Five-fret Stretch
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Five-fret Stretch

In music, a five-fret stretch refers to a guitar chord formation such that the distance between the highest and the lowest fingered frets is five frets. This necessarily excludes open strings.

Five-fret stretches are common in rock, blues, and in classical music, and are most common on guitar, but they are theoretically possible on other fretted stringed instruments.

-------------------
-------------------
-------------------
-------12-16-12----
----14----------14-
-16----------------

For example, the above G?m7?5 chord's arpeggiated fingering features, "a wide, five-fret stretch," made easier by delaying the placement of the finger for the third-fifth notes[1]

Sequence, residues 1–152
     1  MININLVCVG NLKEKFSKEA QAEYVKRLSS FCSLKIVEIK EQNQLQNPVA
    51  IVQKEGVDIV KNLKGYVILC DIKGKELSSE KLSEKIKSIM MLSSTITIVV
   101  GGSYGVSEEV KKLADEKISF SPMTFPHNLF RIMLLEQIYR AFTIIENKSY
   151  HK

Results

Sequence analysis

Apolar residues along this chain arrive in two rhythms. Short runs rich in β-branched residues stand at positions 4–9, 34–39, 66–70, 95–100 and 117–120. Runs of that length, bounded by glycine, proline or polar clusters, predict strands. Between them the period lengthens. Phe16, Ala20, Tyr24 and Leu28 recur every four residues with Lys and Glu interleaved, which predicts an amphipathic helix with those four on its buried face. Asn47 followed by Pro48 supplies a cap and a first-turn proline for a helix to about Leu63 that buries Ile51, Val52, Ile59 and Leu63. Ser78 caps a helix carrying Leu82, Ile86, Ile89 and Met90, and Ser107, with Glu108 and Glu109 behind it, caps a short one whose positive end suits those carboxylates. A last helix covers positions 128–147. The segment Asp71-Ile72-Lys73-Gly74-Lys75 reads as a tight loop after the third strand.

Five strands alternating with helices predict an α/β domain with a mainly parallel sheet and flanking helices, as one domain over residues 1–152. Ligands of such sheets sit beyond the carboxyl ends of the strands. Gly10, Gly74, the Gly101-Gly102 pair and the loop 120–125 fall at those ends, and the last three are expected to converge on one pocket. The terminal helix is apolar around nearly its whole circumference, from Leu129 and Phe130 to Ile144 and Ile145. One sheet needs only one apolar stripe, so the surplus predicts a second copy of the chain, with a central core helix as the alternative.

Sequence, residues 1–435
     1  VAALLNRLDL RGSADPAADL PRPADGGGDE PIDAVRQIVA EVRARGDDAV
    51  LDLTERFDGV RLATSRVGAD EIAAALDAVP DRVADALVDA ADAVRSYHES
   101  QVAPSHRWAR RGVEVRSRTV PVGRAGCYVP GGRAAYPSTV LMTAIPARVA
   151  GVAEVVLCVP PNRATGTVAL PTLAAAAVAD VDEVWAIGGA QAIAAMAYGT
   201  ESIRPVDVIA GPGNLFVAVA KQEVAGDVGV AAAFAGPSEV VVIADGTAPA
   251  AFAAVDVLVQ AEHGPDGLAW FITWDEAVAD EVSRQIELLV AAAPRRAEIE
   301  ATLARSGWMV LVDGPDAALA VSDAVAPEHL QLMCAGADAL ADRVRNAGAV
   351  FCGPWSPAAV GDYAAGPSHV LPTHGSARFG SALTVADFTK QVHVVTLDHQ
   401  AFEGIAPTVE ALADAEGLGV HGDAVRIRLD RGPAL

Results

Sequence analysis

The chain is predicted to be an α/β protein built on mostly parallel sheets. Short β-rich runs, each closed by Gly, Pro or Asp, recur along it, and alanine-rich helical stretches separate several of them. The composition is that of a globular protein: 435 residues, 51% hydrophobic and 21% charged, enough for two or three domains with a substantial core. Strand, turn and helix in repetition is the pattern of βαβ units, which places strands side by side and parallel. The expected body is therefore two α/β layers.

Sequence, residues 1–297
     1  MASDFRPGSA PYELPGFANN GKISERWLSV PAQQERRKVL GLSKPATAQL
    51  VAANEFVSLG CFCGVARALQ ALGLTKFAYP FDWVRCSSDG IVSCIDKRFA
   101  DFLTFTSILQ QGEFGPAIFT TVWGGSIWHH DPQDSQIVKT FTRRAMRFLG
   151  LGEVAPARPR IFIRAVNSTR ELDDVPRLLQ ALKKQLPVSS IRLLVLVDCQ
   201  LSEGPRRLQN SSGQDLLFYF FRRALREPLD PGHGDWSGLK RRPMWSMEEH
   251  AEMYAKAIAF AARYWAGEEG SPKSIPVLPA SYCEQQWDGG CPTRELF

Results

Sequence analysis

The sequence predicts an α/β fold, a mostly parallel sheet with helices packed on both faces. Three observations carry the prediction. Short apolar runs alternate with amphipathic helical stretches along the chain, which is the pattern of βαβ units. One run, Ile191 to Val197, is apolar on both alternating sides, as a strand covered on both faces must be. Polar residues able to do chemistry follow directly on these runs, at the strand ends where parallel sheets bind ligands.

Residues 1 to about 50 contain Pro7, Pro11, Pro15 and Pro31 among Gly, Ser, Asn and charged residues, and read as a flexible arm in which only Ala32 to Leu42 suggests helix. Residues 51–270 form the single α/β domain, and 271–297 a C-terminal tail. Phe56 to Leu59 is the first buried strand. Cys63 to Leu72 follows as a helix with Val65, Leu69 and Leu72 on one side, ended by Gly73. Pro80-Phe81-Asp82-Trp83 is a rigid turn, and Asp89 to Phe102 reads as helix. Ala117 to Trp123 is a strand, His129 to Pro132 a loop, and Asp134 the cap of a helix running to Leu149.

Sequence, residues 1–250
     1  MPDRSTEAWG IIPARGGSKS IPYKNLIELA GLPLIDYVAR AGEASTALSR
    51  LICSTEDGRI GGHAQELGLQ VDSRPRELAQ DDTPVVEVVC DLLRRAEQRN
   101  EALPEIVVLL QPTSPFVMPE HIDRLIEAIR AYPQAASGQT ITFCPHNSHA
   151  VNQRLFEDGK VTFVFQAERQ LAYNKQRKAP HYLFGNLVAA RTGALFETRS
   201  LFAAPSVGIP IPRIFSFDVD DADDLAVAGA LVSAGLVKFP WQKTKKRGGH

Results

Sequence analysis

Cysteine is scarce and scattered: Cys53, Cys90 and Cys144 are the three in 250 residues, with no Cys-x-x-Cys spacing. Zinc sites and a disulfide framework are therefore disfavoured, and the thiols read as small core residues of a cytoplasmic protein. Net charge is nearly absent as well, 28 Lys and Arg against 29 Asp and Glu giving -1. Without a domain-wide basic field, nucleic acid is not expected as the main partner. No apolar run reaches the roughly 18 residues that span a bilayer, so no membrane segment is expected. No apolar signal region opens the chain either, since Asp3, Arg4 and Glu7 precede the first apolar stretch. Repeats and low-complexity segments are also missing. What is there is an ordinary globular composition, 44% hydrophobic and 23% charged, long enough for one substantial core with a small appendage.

Common formations involving five-fret stretch in standard tuning

A pattern often used in rock and roll music with standard tuning is:

e|-------|
B|-------|
G|-------|
D|5-7-8-7|
A|3-3-3-3|
E|-------|

This shows the pattern in C. It is simply three intervals (perfect fifth, major sixth, and minor seventh) one after another About this sound Play . When improvising over the top of a pattern like this, the soloist would often use the Mixolydian or Dorian mode, because both of these scales have the intervals of a major sixth and a minor seventh within them.

Sources

  1. ^ Nelson, Troy (2007). Guitar Aerobics, p.97. ISBN 978-1-4234-1435-3.

  This article uses material from the Wikipedia page available here. It is released under the Creative Commons Attribution-Share-Alike License 3.0.

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